The more I think about it, the more it makes sense to just take out all the connections for the water heater and redo them... I could inspect the pipes for reuse and probably resolve leaking joints just by virtue of disassembling and reassembling with teflon tape for gas (yellow). I think I mentioned I'm leaning towards a gas range, and regardless the permit will be the $70 minumum since I'll call it 2x appliance installation (water heater and stove) @ $28 each for the fees, which doesn't exceed the minimum.

Michael Thomas 10-18-2010 06:08 AM

Willk,

I helps us to help you solve problems if you list your city and state in your profile.

I most locations the gas utility company will come out at no charge and use a combustible gas detector to accurately locate the source of leak(s).

WillK 10-18-2010 08:33 AM

Fixed, thought I had done that.

At this point the gas is shut off and the gas company had locked the shutoff valve, so I am already aware that I need to pay a charge to have it turned back on which would be necessary before any gas leak detector would work. The house has been airing out for over 2 months, so there isn't any sign of leaked gas to be detected.

I'm expecting rain 3 of 5 days this week so I've got time to work inside anyway.

Had I called anyone out before yesterday I'd have had to be shocked if they did go as far into the crawlspace as you have to go to get to the gas pipes without charging. I cleaned out a lot of loose debris - bricks, broken blocks, broken wood, fallen insulation.

rjniles 10-18-2010 08:46 AM

Open the lines coming into the house at the meter, shut off all the appliance gas cocks, pressurize with air and test for leaks. Shutting of the gas cocks before pressurizing the lines is very important as excess pressure will blow the diaphragms in the regulators.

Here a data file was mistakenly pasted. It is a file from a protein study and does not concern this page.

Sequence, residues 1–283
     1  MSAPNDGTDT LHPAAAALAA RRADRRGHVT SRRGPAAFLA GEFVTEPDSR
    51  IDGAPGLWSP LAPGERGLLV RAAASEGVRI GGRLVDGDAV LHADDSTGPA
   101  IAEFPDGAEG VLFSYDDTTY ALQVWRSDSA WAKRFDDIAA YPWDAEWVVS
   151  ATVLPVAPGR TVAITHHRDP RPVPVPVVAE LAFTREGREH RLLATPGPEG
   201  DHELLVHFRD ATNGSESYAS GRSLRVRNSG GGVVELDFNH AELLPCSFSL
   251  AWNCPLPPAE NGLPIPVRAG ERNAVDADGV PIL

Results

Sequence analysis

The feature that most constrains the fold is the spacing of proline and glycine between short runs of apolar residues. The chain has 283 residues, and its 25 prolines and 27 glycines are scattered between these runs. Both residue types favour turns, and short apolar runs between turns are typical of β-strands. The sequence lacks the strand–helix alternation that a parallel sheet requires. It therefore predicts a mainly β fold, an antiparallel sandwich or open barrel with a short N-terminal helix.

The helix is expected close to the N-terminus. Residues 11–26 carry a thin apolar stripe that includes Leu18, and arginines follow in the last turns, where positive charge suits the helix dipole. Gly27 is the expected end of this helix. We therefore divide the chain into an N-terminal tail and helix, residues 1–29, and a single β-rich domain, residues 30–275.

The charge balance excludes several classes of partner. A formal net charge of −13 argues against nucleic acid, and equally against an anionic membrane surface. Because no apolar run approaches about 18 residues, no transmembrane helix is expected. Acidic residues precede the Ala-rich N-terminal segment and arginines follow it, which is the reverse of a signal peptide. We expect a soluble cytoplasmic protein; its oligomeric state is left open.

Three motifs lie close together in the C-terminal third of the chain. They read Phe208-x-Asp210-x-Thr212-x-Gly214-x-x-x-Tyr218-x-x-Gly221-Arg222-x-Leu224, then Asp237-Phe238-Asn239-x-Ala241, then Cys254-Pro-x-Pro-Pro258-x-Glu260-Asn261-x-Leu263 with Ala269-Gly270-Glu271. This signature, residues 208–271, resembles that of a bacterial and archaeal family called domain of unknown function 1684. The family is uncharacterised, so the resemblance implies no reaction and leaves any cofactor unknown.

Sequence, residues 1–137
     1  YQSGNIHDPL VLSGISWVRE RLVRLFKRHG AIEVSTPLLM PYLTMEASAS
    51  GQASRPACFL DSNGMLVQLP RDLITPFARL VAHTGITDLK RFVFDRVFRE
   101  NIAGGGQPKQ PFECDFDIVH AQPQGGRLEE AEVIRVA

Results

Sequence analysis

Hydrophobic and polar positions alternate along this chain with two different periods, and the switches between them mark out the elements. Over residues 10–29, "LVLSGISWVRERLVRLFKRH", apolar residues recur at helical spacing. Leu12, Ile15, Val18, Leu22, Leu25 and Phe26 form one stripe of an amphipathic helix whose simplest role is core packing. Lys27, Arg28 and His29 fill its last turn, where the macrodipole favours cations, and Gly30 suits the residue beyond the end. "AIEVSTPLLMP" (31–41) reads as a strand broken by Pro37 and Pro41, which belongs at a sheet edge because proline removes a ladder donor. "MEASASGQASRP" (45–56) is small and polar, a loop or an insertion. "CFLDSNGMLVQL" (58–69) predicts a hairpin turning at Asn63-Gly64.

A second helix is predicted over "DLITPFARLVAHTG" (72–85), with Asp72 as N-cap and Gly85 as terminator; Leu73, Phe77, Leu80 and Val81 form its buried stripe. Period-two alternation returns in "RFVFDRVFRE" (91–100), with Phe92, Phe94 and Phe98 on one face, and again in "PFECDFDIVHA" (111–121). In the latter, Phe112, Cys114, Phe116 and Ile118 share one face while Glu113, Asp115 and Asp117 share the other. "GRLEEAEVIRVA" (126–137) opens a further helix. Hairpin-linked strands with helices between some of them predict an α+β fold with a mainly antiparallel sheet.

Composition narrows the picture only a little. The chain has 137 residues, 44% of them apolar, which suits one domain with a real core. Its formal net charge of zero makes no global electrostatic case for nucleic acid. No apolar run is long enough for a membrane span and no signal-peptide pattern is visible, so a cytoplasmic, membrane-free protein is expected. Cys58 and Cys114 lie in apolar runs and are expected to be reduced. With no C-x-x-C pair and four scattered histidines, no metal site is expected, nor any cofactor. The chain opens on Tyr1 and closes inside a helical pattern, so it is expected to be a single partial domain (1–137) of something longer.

10 PSI is plenty as natural gas pressure is less than1/2 PSI

Use soapy water or a gas leak detector spray;

http://www.abbeyproducts.com/leak-detection.htm

braindead 10-18-2010 05:59 PM

Check your local regs., most do not allow flex lines thru walls:huh:

WillK 10-18-2010 10:06 PM

Suppose I have to replace that run, which I'd rather not unless the inspector says I have to or I have an easy to implement plan to do so... Can I put in some sort of flexible line, like a 3' appliance hose, so that I can accomodate the house shifting as I add the beams without carrying load in the gas pipe?

rjniles 10-18-2010 10:38 PM

From CSST literature:

"
Stainless steel gas piping is installed using specialty fittings and cutting tools. Connections can be made in minutes with the correct tools. Striker plates must be installed where the gas lines penetrate wall studs to protect lines from puncture during drywall installation.

CSST cannot be installed in direct contact with the ground. "


Since CSST can be run hidden in a wall, I doubt coming through an exterior wall or foundation wall would not be permitted.

Michael Thomas 10-19-2010 06:06 AM

You can run properly installed CSST though walls, including exterior and foundation walls. You cannot run "appliance connectors" through walls or ceilings, nor "chain" them together. My concern was that someone might have used one or more appliance connectors as permanent gas supply piping, with a resulting leak at a connection (often, the thread types at the various components do not match up when appliance connectors are used in this manner).

See:

http://www.dormont.com/dmc/uploadedF...structions.pdf


for an explanation of what you can and cannot do with these connectors.

Michael Thomas 10-19-2010 06:12 AM

Ideally (and to maintain compliance with many manufacturers' requirements), testing for gas leaks should be done with a noncorrosive leak detection leak fluid (LDF) such as:

http://www.abbeyproducts.com/leak-detection.htm


LDFs are both noncorrosive and are engineered fluids, and are much more effective than "soap and water" in detecting leaks - the LDF manufacturers typically claim they will bubble visibly at leak rates as low as 1 cu/ft/year!

WillK 10-19-2010 10:58 AM

I've used dish soap to detect leaks under compressed air in the past, but I'll use this:
http://www.homedepot.com/h_d1/N-5yc1...atalogId=10053

I figure if I'm not leaking at 100 psi with air, it's not going to leak at lower pressures of natural gas. And I've seen how it bubbles when you do have a leak, it makes it real obvious.